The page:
It’s a tough one, because Lynch is still such a fantastic player. He is much loved by his team mates. But such is the business of football — and the dynamic of the team will change when Russell Wilson signs a contract worth over $100m. If Lynch is willing to accept his salary for 2015 — there’s no reason to believe he won’t return. I just have a hard time imagining that happening. And ultimately it might be decided it’s best for both parties to go their separate ways — as agonizing as that would be I’m sure. Let’s hope it doesn’t come to that. The run against Arizona, the touchdowns against the Giants. The crotch-grabbing, media-snubbing enigma. I think everyone would like to see one more year. But for the purpose of this article — I’m going to take the position that we’re, sadly, coming close to the end.
So what would happen next?
Finding a replacement could be seen as a big priority. Especially considering how important the run game is to Seattle’s offense. We should also expect the Seahawks to place a high priority on adding players that will mesh with Wilson. That means a similar work ethic and love of the game. Possibly similar characters. You can never force two people to become great friends, but you can take steps to avoid the opposite happening.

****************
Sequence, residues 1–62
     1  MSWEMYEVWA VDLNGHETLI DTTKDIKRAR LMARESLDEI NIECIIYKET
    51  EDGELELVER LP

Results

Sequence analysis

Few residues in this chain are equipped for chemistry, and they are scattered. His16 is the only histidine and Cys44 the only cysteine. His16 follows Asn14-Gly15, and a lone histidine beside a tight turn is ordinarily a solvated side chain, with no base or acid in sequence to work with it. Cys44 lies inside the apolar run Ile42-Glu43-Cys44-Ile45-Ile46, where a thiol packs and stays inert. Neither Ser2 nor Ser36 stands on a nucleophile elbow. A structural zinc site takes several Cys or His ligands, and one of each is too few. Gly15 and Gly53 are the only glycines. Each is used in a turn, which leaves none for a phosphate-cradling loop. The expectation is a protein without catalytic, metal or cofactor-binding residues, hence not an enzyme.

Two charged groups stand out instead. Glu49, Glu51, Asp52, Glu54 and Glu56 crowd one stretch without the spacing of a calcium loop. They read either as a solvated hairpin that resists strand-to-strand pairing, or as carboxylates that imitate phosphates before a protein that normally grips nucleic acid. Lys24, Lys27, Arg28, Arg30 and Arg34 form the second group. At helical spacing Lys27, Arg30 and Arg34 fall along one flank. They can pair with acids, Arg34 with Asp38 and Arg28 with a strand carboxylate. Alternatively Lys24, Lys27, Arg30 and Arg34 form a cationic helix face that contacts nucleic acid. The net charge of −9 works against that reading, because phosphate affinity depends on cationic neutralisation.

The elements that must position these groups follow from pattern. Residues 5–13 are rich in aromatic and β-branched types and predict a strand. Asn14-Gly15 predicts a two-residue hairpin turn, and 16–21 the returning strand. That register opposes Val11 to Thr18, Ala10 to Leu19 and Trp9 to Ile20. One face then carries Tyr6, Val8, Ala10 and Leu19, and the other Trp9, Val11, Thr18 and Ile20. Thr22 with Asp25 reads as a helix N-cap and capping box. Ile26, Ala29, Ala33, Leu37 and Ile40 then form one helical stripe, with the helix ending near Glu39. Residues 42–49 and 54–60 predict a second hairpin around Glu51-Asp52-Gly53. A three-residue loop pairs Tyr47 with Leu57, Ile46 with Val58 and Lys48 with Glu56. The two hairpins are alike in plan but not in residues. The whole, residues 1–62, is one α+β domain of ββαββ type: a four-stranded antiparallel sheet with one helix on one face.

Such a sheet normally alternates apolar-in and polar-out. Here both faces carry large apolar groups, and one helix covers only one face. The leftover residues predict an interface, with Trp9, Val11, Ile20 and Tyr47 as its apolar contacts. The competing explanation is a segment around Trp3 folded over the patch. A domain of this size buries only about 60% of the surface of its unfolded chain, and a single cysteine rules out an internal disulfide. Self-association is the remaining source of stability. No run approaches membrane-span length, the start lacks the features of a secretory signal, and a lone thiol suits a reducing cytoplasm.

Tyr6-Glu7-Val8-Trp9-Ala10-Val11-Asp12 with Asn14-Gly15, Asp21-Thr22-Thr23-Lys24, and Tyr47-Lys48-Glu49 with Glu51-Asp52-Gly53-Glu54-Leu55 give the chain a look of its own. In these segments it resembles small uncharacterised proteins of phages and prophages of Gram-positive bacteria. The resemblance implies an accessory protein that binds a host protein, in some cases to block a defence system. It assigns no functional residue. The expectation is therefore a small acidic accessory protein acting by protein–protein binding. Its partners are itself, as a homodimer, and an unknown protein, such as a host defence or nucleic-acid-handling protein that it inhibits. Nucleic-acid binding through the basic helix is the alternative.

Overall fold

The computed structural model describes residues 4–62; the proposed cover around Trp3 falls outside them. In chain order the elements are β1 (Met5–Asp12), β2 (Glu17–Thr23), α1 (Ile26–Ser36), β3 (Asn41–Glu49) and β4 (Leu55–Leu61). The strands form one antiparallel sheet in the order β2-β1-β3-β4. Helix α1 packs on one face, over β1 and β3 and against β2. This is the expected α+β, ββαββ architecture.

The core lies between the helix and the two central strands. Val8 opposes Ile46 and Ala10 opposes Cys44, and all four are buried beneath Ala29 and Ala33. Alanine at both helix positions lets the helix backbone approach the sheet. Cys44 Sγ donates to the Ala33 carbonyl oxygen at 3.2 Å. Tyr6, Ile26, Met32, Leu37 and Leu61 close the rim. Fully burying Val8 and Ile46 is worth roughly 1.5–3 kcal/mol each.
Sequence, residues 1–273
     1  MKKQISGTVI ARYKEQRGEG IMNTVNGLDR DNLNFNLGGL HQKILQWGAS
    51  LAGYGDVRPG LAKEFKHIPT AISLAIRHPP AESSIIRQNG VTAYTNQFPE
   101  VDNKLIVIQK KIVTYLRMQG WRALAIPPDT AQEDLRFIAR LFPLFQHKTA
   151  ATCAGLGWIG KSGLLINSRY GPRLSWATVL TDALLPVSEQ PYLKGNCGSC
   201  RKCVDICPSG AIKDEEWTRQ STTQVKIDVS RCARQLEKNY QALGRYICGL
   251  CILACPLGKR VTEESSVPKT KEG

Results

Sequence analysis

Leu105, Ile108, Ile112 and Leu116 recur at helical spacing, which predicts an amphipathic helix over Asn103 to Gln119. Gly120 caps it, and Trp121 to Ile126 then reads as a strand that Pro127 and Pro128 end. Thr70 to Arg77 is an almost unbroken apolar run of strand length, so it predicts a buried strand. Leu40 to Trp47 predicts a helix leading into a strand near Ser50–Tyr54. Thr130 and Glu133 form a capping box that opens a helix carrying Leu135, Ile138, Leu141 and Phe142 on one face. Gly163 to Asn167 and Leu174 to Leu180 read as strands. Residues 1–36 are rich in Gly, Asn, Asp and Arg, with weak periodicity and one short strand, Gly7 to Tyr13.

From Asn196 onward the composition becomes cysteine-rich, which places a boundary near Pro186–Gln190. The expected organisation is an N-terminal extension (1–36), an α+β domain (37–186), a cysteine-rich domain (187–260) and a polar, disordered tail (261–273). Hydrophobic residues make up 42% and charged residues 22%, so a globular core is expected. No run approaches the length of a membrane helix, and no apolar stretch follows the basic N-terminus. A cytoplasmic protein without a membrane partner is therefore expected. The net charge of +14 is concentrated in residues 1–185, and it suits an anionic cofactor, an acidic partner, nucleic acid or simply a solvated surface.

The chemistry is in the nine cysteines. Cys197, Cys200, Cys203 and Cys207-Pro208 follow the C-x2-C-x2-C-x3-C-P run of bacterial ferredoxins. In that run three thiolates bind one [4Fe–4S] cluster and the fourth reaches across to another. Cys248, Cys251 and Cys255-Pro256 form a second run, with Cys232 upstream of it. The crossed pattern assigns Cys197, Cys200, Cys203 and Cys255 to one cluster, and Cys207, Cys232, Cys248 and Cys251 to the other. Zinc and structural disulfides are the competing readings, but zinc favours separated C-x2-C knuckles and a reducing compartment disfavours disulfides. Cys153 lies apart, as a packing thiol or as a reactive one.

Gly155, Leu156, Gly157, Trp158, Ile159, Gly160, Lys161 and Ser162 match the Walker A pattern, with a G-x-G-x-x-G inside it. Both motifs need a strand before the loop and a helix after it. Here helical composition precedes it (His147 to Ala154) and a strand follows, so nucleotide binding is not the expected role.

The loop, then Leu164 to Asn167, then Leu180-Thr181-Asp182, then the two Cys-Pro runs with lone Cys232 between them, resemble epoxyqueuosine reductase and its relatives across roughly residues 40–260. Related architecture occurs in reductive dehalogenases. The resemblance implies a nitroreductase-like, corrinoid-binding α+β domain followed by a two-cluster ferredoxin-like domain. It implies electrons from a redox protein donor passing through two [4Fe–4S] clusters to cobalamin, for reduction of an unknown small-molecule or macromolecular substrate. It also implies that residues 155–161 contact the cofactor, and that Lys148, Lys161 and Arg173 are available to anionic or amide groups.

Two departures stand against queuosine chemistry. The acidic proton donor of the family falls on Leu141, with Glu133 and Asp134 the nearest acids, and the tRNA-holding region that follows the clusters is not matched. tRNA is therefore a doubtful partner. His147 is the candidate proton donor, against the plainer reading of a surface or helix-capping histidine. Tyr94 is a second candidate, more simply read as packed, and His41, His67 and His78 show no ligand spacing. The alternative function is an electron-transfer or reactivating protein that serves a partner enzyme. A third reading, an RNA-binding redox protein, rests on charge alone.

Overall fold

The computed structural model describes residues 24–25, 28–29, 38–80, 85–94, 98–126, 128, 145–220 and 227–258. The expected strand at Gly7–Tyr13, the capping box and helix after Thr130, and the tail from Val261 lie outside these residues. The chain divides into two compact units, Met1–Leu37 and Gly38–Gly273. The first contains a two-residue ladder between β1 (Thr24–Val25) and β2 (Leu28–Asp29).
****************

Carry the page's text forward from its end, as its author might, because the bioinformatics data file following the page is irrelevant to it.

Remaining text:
Building around Wilson is going to be absolutely crucial when he signs his new contract. They have to add players that will follow his lead, not resent his new found wealth. Will they place anything in Turbin and Wilson’s close bond? Wilson regularly refers to Turbin as his best friend on the team. They room together on road trips. Turbin ended the season with 10 carries against Arizona and 11 against St. Louis. He might have the inside track to replace Lynch. But the jury’s out as to whether he can be an effective starter. The Seahawks don’t have many X-Factor playmakers — and they’ll lose a big one if Lynch moves on.
If they do decide to draft another running back to act as a ‘feature’ back — I keep returning to Wisconsin’s Melvin Gordon. He’s the polar opposite of Lynch — not a great between-the-tackles runner, but an explosive home-run hitter who only needs a small crease to explode and break off big runs. That doesn’t mean he can’t get the tough yards — and anyone doubting the credentials of another productive Big-10 runner needs only to watch his two games against LSU and Auburn. He has a different running style to Lynch, but he’s no less effective.
Gordon appeals because he pretty much ticks every box. He’s a dynamic athlete and a dedicated gym-rat. There are legendary stories on campus about Gordon’s love for a work-out, as ESPN’s Chris Low explains: